Heggie has served as an advisor and mentor for Washington National Opera’s American Opera Initiative, CU Boulder’s New Opera Workshop, and Chicago Opera Theater’s Vanguard Initiative. His own teachers have included Ernst Bacon, with whom he studied composition as a teenager, as well as pianist Johana Harris and composers Roger Bourland, Paul DesMarais, and David Raksin at UCLA. Prior to composing Dead Man Walking, he was mentored by his friend, the late Carlisle Floyd.

Heggie continues to write all his work by hand, believing that a visceral, physical connection to the score is an essential part of composition. Since 1993, he has made his home in San Francisco, where he lives with his husband, Curt Branom.

Described by the Boston Globe as “one of the world’s most remarkable singers,” American tenor Nicholas Phan is increasingly recognized as an artist of distinction. Praised for his keen intelligence, captivating stage presence and natural musicianship, he performs regularly with the world’s leading orchestras and opera companies. Also an avid recitalist, in 2010 he co-founded the Collaborative Arts Institute of Chicago (CAIC) to promote art song and vocal chamber music, where he serves as artistic director.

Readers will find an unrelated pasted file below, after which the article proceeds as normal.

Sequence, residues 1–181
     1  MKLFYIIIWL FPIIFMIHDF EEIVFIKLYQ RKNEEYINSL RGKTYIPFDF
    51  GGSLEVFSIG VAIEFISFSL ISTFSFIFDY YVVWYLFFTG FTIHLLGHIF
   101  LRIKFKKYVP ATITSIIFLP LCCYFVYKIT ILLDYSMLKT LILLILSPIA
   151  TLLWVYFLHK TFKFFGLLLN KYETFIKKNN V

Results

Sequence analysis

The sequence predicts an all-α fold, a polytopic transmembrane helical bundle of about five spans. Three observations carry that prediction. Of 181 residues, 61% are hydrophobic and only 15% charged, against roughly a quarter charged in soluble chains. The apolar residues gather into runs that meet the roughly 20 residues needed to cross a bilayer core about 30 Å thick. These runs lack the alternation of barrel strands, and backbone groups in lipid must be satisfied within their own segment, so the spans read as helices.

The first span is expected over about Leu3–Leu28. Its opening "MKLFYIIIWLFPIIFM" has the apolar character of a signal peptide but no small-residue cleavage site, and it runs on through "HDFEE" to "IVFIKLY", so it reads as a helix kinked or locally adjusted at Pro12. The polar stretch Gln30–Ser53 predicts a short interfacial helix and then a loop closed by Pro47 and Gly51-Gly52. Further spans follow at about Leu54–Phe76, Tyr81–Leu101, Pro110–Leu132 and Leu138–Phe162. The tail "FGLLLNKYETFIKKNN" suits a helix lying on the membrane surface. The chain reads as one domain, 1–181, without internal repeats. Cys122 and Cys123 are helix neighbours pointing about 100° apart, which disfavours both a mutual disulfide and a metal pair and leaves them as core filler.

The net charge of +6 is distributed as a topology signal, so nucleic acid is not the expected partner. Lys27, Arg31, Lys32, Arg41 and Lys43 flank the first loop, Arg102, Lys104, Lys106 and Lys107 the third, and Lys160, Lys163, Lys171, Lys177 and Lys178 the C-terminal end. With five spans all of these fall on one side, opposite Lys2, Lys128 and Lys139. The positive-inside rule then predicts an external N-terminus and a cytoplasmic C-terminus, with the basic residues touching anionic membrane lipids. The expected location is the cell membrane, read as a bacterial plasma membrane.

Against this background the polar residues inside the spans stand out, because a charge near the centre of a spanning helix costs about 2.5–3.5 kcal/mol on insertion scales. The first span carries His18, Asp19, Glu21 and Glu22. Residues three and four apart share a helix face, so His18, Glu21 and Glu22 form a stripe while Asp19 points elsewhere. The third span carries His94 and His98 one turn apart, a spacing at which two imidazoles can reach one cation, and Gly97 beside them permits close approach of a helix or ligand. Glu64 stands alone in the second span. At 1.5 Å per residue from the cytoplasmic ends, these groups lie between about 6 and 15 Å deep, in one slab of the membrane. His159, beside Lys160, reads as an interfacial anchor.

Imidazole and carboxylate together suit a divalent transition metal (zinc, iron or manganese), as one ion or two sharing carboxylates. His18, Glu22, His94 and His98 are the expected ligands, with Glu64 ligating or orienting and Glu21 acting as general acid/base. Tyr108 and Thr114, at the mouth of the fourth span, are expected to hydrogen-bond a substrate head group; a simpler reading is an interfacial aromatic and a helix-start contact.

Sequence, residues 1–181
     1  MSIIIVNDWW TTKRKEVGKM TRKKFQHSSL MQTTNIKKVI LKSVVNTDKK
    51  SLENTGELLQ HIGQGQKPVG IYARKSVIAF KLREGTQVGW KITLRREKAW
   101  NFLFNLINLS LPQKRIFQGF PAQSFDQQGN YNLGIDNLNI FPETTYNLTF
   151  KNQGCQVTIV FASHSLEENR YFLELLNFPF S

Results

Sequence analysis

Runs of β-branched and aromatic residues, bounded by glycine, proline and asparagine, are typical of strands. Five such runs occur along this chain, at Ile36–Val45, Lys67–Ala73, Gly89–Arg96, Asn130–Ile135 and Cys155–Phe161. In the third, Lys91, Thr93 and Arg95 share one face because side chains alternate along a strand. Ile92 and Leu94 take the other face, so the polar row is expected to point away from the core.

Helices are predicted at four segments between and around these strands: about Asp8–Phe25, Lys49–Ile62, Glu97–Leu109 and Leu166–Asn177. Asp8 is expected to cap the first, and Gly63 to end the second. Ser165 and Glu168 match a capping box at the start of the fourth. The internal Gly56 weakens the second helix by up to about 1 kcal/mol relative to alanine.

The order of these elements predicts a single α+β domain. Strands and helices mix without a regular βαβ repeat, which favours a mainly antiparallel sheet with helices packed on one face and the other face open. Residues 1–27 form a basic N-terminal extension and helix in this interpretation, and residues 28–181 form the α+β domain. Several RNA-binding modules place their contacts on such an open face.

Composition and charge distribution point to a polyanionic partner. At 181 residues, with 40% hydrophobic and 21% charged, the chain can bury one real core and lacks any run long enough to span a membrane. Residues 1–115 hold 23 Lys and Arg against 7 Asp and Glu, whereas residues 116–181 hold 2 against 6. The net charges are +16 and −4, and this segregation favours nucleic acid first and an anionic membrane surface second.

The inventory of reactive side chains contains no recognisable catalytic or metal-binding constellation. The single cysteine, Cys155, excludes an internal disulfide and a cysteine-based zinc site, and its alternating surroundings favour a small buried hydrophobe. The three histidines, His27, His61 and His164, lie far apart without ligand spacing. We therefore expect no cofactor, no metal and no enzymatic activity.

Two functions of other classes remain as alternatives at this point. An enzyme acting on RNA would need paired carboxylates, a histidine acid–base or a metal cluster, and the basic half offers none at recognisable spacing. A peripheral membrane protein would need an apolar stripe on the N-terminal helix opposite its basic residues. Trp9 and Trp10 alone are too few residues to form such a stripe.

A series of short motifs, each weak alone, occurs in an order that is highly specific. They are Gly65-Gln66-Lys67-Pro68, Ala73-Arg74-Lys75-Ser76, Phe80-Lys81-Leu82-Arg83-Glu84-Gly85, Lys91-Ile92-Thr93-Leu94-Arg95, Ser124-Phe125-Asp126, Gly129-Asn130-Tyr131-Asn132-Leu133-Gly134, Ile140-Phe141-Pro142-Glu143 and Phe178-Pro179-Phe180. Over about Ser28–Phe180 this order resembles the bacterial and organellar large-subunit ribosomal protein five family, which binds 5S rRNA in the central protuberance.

A celebrated recording artist, Phan’s most recent album, Stranger: Works for Tenor by Nico Muhly, was nominated for the 2022 Grammy® Award for Best Classical Solo Vocal Album. His previous albums, Clairières and Gods and Monsters, were nominated for the same award in 2020 and 2017. He is the first singer of Asian descent to be nominated in the history of the category, which has been awarded by the Recording Academy since 1959. His other previous solo albums, Illuminations, A Painted Tale, Still Fall the Rain, and Winter Words, made many “best of” lists, including those of the New York Times, New Yorker, Chicago Tribune, WQXR, and Boston Globe. Phan’s growing discography also includes a Grammy-nominated recording of Stravinsky’s Pulcinella with Pierre Boulez and the Chicago Symphony, Berlioz’s Roméo et Juliette with Michael Tilson Thomas and the San Francisco Symphony, Scarlatti’s La gloria di primavera and Handel’s Joseph and his Brethren with Philharmonia Baroque, an album of Bach’s secular cantatas with Masaaki Suzuki and Bach Collegium Japan, Bach’s St. John Passion (in which he sings both the Evangelist and the tenor arias) with Apollo’s Fire, and the world premiere recordings of two orchestral song cycles: The Old Burying Ground by Evan Chambers and Elliott Carter’s A Sunbeam’s Architecture.